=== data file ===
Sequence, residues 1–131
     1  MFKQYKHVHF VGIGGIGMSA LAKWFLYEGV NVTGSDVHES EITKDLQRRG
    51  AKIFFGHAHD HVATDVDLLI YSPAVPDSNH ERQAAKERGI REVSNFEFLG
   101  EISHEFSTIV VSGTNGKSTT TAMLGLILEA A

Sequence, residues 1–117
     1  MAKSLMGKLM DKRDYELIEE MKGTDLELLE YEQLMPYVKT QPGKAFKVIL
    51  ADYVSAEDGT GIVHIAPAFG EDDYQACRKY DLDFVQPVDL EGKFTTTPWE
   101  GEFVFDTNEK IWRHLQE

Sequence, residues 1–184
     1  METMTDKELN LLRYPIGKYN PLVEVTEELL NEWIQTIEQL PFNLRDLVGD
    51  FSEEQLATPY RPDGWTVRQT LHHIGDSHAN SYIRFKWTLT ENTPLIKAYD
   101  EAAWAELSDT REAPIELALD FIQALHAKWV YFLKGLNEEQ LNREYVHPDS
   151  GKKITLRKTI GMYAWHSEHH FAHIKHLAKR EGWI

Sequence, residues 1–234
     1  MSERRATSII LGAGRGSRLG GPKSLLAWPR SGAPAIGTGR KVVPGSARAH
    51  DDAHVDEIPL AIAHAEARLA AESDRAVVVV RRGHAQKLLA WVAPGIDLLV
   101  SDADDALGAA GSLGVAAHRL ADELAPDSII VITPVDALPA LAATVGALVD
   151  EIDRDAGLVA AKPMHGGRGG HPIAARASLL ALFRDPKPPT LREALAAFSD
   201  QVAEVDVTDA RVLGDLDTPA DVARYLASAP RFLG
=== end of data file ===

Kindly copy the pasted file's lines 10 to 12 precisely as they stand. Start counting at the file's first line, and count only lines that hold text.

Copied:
     1  METMTDKELN LLRYPIGKYN PLVEVTEELL NEWIQTIEQL PFNLRDLVGD
    51  FSEEQLATPY RPDGWTVRQT LHHIGDSHAN SYIRFKWTLT ENTPLIKAYD
   101  EAAWAELSDT REAPIELALD FIQALHAKWV YFLKGLNEEQ LNREYVHPDS